Chippewa Indian named Ga-Be-Nah-Gown-Wonce, which translates to “Wrinkled Meat,” never wanted to be a chief, but for sure, he knew a lot more than most people of his time did.
He thought his age would make it too difficult for him to be in charge and responsible for anything. He only wished to become an advisor, an appropriate title considering his centenarian status.
White people called him John Smith, or in most cases, Grandpa John, because he was more than 100 years old.
By the time the first post office was set up in Bena, Minnesota, in 1898, John Smith was in his late 70s, if not a few decades older.
Throughout much of his adult life, John Smith liked to hike to Federal Dam and back to Bena.
He traveled across the Deer River or Ball Club from Cass Lake. He seemed to have always been moving to the places where Indians live today.
He would briefly visit a location and then resume his trips. If anybody asked where he would go, he would casually say, “around the country.”
10 /10 A 137-Year-Old Man
On February 8, 1922, Ga-Be-Nah-Gown-Wonce died a week after the battle against pneumonia. The Chippewa Indian was primarily assumed to be 137 years old.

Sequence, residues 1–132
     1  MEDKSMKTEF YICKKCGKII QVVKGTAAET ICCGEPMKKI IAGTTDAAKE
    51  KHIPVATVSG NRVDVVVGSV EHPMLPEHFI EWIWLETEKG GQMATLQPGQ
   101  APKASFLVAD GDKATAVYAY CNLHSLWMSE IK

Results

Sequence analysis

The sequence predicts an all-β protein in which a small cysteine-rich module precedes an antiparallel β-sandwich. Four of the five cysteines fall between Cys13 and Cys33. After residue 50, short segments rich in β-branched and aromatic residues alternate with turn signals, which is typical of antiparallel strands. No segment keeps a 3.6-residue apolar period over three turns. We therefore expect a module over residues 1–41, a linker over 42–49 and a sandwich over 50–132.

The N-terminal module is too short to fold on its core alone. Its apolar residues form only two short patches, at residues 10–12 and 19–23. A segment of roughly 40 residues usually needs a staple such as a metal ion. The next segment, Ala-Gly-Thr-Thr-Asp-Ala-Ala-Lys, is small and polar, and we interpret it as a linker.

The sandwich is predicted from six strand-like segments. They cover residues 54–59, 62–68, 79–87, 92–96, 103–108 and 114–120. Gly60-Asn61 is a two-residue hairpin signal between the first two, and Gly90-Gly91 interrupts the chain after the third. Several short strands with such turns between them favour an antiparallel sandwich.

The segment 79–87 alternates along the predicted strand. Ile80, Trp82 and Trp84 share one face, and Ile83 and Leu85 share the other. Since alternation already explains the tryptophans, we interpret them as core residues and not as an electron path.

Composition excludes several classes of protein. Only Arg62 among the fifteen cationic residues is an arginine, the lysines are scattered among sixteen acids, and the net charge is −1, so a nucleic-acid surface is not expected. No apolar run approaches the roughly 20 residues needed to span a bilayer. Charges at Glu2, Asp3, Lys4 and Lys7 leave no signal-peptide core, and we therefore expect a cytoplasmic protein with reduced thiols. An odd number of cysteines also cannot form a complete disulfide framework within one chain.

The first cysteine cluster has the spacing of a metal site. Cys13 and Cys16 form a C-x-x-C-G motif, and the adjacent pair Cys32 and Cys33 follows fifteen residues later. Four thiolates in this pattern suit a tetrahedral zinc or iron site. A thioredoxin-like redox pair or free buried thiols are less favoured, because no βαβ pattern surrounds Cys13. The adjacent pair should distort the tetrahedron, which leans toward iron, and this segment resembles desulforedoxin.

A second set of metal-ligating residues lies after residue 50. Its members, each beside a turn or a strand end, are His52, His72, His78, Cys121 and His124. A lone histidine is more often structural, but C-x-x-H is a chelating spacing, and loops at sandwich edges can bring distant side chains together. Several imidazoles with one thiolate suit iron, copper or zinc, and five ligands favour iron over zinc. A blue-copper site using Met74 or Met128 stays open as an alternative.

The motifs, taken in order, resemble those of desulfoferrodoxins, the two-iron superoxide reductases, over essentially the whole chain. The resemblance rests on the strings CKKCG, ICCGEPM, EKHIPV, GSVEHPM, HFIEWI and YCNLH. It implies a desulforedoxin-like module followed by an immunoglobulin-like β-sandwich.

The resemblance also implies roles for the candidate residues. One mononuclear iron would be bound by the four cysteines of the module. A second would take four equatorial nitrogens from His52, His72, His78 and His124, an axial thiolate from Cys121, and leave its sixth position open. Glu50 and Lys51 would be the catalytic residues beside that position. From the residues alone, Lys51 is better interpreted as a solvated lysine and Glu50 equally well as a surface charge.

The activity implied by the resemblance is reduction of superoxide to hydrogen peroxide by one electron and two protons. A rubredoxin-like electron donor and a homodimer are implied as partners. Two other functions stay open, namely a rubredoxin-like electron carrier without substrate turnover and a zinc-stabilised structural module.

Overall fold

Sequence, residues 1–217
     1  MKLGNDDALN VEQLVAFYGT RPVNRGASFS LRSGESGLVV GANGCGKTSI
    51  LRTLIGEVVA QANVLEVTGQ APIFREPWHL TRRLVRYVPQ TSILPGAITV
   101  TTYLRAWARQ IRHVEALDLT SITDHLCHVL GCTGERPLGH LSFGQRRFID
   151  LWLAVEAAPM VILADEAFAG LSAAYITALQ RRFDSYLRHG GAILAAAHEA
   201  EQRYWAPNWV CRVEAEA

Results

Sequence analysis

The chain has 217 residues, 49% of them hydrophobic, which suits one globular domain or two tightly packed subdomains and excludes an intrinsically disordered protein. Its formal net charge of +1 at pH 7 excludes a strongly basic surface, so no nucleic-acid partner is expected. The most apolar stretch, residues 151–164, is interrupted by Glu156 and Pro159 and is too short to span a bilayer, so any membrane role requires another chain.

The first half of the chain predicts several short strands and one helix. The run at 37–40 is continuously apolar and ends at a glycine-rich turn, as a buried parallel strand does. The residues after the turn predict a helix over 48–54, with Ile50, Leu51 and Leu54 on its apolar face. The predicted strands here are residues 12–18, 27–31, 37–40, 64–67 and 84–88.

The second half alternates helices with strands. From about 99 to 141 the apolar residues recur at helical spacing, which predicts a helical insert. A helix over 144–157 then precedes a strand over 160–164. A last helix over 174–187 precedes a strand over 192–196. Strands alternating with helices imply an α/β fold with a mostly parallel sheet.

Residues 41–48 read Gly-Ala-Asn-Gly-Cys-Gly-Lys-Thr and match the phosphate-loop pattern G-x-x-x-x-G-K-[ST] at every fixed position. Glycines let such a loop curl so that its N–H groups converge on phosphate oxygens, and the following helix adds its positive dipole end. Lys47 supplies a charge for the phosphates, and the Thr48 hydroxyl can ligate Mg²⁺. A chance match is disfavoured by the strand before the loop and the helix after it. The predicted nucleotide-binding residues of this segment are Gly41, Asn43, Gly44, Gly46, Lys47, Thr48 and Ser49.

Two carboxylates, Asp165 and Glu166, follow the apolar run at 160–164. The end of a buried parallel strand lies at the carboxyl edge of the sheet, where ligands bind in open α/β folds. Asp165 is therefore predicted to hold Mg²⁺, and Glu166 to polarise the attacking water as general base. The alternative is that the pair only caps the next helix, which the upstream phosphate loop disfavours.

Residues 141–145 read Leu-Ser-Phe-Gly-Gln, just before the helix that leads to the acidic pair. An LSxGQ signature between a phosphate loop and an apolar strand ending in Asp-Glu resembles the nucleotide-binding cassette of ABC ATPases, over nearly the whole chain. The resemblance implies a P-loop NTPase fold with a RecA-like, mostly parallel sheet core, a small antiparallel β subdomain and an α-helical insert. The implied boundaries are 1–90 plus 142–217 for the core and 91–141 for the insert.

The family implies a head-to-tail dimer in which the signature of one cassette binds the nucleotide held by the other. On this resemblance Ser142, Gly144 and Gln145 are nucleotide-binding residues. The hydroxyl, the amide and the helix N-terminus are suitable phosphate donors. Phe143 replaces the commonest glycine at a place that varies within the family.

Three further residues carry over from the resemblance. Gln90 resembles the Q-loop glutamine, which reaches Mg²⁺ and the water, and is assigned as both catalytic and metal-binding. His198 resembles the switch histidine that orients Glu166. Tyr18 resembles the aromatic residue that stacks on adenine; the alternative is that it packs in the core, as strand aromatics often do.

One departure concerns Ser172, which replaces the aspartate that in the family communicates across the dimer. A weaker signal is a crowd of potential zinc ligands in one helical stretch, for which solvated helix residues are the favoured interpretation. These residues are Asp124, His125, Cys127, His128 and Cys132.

Many names throughout his life knew him; among the most catchy ones were Sloughing Flesh and Wrinkled Meat.
A year before his death, Smith became blind, but his wits remained as straightforward as they had always been.
Smith liked to recall the days when he served as a scout for the Chippewa during the war with the Sioux. At times he spoke about the events of the War of 1812.
9 /10 No More John Smith
In his younger days, there were many Indians called John Smith. As time went by, he outlived every single one of them.
There was no more John Smith the day he died. He was old and very much respected. People liked to say they knew him well, and many would like to take that name, but nobody could unless he gave it to them.
The only way someone could be entitled to the title was to earn his respect. It was also a matter of how much the person respected him.